Vertical distribution of brittle star larvae in two contrasting coastal embayments: implications for larval transport
|Author(s)||Guillam Morgane1, Bessin Claire1, Blanchet-Aurigny Aline2, Cugier Philippe2, Nicolle Amandine1, 3, Thiébaut Éric1, Comtet Thierry1|
|Affiliation(s)||1 : Sorbonne Université, CNRS, Station Biologique de Roscoff, Laboratoire Adaptation Et Diversité en Milieu Marin, ADMM, CS90074, 29688, Roscoff Cedex, France
2 : Ifremer, Centre de Bretagne, Département Dynamiques des Ecosystèmes Côtiers (DYNECO), Laboratoire d’Ecologie Benthique Côtière (LEBCO), Technopole Brest Iroise, CS 10070, 29280, Plouzané, France
3 : ENSTA Bretagne, Pôle STIC/OSM, 2 rue François Verny, 29806, Brest Cedex 9, France
|Source||Scientific Reports (2045-2322) (Springer Science and Business Media LLC), 2020-07 , Vol. 10 , N. 1 , P. 12033 (15p.)|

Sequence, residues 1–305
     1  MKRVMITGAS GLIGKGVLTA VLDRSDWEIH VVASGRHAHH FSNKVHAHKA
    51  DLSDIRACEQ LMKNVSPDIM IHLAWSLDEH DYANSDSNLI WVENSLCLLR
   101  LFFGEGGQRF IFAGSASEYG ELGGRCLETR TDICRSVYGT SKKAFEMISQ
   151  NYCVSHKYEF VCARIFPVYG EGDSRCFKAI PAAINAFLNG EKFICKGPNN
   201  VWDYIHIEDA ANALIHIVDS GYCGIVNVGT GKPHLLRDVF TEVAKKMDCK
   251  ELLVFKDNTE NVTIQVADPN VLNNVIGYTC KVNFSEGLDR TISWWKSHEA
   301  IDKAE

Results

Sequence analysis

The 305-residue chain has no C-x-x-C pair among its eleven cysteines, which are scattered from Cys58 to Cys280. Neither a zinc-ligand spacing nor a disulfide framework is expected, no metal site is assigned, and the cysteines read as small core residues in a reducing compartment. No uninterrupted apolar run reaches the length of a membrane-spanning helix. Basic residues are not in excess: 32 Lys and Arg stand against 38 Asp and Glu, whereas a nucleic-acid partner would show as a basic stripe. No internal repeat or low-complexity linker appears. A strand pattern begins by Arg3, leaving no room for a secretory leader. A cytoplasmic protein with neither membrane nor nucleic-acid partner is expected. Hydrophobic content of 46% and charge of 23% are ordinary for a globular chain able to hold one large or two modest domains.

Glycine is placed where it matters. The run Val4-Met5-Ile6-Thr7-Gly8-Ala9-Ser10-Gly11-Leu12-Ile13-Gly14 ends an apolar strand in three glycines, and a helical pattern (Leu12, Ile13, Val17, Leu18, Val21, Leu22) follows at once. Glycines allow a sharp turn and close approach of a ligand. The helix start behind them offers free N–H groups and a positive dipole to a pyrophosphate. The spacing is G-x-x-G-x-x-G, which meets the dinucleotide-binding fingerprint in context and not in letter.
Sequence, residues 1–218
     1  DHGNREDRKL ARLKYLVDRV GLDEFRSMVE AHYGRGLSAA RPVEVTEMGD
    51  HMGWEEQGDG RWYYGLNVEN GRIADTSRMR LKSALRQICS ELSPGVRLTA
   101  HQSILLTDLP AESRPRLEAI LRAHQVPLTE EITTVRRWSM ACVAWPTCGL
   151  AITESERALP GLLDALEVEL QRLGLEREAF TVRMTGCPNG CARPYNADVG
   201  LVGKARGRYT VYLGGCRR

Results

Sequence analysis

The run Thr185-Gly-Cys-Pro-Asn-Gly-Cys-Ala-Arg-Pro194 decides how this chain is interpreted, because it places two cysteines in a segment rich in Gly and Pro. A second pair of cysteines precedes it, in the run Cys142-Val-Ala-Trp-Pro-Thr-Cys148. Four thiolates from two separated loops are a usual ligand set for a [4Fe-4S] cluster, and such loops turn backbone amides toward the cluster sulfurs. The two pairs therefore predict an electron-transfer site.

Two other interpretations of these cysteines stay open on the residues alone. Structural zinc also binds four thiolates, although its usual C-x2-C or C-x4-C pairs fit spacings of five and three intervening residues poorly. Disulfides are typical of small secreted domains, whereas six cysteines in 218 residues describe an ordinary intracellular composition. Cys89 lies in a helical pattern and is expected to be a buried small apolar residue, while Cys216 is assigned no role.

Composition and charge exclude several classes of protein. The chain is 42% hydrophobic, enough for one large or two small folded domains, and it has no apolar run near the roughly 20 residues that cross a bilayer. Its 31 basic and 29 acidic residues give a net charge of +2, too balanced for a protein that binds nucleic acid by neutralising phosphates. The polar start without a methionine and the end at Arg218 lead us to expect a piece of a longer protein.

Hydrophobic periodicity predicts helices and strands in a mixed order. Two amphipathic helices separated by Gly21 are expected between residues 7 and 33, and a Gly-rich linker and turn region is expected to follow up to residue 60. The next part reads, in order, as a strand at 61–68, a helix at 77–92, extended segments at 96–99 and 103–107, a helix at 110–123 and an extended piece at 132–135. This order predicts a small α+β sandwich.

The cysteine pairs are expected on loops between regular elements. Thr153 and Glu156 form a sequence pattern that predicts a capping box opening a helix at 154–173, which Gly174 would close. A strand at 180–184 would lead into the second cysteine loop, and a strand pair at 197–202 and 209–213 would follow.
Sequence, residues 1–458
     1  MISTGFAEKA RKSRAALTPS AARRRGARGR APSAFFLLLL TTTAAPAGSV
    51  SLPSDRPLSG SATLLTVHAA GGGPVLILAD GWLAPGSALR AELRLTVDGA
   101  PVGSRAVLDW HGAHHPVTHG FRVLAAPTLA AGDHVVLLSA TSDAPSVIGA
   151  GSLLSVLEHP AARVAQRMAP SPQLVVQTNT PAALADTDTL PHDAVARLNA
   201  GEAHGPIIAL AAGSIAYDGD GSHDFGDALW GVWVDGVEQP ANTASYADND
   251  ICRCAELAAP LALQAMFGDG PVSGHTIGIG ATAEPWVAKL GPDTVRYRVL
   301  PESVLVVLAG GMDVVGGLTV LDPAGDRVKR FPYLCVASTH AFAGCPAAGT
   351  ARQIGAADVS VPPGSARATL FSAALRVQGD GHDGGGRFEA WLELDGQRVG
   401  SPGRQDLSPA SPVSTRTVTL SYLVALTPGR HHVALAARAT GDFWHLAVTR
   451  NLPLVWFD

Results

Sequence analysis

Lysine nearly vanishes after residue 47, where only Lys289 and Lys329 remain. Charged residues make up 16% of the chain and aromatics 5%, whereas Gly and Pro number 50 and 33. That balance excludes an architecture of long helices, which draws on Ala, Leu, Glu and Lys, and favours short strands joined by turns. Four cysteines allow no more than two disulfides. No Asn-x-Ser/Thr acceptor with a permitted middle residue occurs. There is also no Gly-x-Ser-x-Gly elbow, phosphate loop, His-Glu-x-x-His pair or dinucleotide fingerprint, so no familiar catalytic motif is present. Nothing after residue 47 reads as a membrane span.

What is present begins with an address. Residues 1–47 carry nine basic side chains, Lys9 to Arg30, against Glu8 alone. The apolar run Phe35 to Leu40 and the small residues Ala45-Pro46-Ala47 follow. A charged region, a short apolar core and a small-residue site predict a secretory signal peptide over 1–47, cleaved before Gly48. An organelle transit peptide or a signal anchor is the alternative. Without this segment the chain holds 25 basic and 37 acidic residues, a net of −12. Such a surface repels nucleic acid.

The ability of marine invertebrate larvae to control their vertical position shapes their dispersal pattern. In species characterized by large variations in population density, like many echinoderm species, larval dispersal may contribute to outbreak and die-off phenomena. A proliferation of the ophiuroid Ophiocomina nigra was observed for several years in western Brittany (France), inducing drastic changes on the benthic communities. We here studied the larval vertical distribution in this species and two co-occurring ophiuroid species, Ophiothrix fragilis and Amphiura filiformis, in two contrasting hydrodynamic environments: stratified in the bay of Douarnenez and well-mixed in the bay of Brest. Larvae were collected at 3 depths during 25 h within each bay. In the bay of Brest, all larvae were evenly distributed in the water column due to the intense vertical mixing. Conversely, in the bay of Douarnenez, a diel vertical migration was observed for O. nigra, with a night ascent of young larvae, and ontogenetic differences. These different patterns in the two bays mediate the effects of tidal currents on larval fluxes. O. fragilis larvae were mainly distributed above the thermocline which may favour larval retention within the bay, while A. filiformis larvae, mostly concentrated near the bottom, were preferentially exported. This study highlighted the complex interactions between coastal hydrodynamics and specific larval traits, e.g. larval morphology, in the control of larval vertical distribution and larval dispersal.